Here’s When You Likely Need to Get a Lawyer
It’s likely that at some point in our lives, we’ll need legal help. If you’re one of the over 875,000 divorce cases every year in the United States, a divorce lawyer is likely needed, especially if a substantial amount of property or assets needs to be divided. Personal injury cases, trusts and wills, and adoptions also all usually require legal assistance. And it’s almost always better to have a professional guiding you when it comes to property or anything else that involves contracts, laws, or things that are legally binding. In short, there are many instances in your life where you’ll need to engage the services of a lawyer you trust. So how do you find a lawyer who you feel comfortable dealing with? In what cases do you absolutely need to retain a lawyer? What are the advantages of having a lawyer on your side?
Why Do I Even Need a Lawyer?
If you’re involved in a more traumatic or emotionally involved case (say a divorce, personal injury case, or a felony), an objective perspective can be helpful, and a lawyer will be able to handle all the ins and outs of your case. For most people, “legalese” is tough to decipher, and even more so when your mind is already on other things.
Your lawyer can keep ahead of deadlines, handle paperwork and filing, and advise you on the best course of action to pursue. They’ll make sure that things are moving ahead and can represent your interests with the other party’s legal counsel as well.
Essentially, retaining a lawyer means that your legal interests are always represented and looked after, and you have the information you need to make accurate decisions upfront.
When Do I Absolutely Need to Get a Lawyer?
If you’re working with a small claims court or decide to go the route of an alternative dispute resolution, you might not need a lawyer. In most cases, though it’s best to get a lawyer.
In perhaps the most extreme example, if you’ve been convicted of a crime, you definitely should have a lawyer there to represent your interests. In any case, if you could face jail time, it’s time to start calling around to law firms.
A lawyer is also imperative if you feel too overwhelmed or that you can’t make adequate and informed decisions by yourself, or if you could lose a lot of money, property, or assets. If the other party has a lawyer, it’s also a signal that you should probably lawyer up yourself.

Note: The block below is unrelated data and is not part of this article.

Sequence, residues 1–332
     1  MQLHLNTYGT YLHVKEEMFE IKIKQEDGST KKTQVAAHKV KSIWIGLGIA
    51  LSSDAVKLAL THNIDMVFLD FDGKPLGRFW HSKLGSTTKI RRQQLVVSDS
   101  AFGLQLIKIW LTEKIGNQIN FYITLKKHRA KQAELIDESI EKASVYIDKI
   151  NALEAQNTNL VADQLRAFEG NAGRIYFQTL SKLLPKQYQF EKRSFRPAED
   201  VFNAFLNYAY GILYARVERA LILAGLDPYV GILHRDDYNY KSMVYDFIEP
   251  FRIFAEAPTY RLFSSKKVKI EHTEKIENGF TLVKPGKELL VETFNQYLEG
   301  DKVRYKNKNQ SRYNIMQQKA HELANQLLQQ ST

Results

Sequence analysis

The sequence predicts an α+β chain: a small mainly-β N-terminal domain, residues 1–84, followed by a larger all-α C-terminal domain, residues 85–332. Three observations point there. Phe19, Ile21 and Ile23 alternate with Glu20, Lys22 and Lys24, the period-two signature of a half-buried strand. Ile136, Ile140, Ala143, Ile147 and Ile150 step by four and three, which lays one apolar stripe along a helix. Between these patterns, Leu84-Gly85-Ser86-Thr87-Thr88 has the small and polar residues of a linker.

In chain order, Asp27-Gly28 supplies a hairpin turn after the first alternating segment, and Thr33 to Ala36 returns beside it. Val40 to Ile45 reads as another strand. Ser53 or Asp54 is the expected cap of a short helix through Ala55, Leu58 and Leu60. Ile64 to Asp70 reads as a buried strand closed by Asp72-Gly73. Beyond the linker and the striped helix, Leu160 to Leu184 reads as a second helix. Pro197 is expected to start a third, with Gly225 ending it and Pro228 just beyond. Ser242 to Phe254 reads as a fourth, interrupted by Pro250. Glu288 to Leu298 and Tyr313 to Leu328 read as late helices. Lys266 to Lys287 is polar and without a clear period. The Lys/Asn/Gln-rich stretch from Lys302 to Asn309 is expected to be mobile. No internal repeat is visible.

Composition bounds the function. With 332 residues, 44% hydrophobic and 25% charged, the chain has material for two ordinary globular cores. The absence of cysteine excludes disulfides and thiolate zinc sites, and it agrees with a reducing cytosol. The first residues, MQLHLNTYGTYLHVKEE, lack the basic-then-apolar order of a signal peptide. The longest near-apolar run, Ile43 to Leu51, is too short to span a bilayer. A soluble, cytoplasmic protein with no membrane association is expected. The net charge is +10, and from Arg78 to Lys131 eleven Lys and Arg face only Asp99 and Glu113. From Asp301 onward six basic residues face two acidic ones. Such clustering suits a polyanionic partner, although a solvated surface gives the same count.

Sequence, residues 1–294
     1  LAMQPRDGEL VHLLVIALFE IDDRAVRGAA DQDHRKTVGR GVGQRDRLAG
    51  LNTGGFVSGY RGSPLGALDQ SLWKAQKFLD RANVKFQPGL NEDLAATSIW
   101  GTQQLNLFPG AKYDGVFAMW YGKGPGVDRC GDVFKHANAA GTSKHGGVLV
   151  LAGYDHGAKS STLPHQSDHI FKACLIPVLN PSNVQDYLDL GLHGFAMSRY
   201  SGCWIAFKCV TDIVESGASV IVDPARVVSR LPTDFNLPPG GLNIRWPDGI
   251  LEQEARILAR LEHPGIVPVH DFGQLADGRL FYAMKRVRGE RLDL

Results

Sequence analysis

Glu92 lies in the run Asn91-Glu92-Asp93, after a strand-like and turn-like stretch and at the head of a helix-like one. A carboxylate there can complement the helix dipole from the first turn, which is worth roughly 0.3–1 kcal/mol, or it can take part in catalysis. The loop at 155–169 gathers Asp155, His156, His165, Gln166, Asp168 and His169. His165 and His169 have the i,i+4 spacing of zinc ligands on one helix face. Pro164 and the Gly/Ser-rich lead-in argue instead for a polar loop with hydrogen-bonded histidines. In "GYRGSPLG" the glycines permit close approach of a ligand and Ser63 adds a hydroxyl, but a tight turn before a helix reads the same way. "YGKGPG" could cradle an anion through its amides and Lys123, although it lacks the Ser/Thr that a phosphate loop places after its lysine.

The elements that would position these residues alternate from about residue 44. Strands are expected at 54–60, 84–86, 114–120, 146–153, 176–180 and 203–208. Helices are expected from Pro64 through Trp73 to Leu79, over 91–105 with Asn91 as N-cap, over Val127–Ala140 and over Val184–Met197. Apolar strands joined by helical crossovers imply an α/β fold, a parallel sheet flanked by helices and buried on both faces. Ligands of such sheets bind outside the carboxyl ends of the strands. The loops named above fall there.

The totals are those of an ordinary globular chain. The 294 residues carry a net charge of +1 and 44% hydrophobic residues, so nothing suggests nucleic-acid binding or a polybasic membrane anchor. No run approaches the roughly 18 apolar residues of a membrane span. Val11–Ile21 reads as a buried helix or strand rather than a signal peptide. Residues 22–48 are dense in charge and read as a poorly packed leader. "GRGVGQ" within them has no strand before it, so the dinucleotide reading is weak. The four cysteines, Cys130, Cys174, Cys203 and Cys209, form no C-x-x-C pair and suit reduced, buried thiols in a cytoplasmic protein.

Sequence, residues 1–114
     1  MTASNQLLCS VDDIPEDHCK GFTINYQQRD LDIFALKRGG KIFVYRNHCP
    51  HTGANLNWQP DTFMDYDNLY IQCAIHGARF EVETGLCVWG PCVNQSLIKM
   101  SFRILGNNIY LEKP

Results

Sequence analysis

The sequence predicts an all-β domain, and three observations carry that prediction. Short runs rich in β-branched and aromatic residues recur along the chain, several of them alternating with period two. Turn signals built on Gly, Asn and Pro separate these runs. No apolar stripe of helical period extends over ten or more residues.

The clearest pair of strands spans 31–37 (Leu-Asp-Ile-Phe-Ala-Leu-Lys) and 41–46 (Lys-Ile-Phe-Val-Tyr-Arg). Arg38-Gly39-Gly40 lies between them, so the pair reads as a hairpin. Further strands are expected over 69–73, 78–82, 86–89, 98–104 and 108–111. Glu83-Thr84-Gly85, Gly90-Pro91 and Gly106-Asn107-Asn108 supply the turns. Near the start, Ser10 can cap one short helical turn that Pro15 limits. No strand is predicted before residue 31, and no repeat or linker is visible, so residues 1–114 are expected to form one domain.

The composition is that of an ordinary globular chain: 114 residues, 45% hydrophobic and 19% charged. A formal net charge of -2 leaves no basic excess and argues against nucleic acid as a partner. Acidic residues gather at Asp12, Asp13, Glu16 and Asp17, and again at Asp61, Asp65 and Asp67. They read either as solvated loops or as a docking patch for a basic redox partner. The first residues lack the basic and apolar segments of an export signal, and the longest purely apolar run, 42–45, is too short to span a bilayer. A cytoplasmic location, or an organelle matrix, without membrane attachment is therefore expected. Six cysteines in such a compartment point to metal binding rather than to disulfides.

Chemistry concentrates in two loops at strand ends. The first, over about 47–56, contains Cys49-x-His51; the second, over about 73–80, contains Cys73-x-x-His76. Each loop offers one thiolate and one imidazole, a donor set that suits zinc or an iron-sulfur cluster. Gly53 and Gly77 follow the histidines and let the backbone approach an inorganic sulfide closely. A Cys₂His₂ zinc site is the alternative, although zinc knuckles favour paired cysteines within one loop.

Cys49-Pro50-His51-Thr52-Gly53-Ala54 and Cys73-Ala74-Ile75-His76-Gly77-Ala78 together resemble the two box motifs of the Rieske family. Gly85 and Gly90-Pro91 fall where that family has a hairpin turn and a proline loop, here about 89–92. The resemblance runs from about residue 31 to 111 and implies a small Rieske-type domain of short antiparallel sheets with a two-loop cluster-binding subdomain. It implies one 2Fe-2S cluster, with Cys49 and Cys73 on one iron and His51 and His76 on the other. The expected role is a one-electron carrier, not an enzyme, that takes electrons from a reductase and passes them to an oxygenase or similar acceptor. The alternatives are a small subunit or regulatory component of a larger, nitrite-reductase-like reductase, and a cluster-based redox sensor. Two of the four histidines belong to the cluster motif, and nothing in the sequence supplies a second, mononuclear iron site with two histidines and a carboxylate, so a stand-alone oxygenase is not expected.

Anything that involves contracts or a business deal should likely be overseen by a lawyer as well, to make sure that everything is airtight and to forestall any future possible issues. Estate planning — or anything to do with property, adoption, or a particularly difficult divorce should also involve a lawyer to make sure things are done right and in the first and last case, that any tax issues are taken care of appropriately.
How Do I Find a Lawyer I Like?
One of the best ways to find a lawyer is via recommendations from family, friends, or colleagues. They can likely recommend you to someone they’ve worked with before and had a good experience with, or someone they’ve heard has a good reputation. Even if the lawyer you meet with initially via a recommendation can’t help you, they may know someone in their network who could assist, and offer a referral.
If that route doesn’t pan out, consider calling your local bar association or checking online to see who in your area specializes in the area you need help with. Always meet with the lawyer face to face (most offer a free initial consultation) to see if you click in person.
Being able to trust your lawyer is imperative, and so you want to make sure you can have a good working relationship with them and feel comfortable around them.
In most cases, it’s better to err on the side of caution and hire a lawyer. You don’t want to find out deep into legal proceedings that you should have had one all along!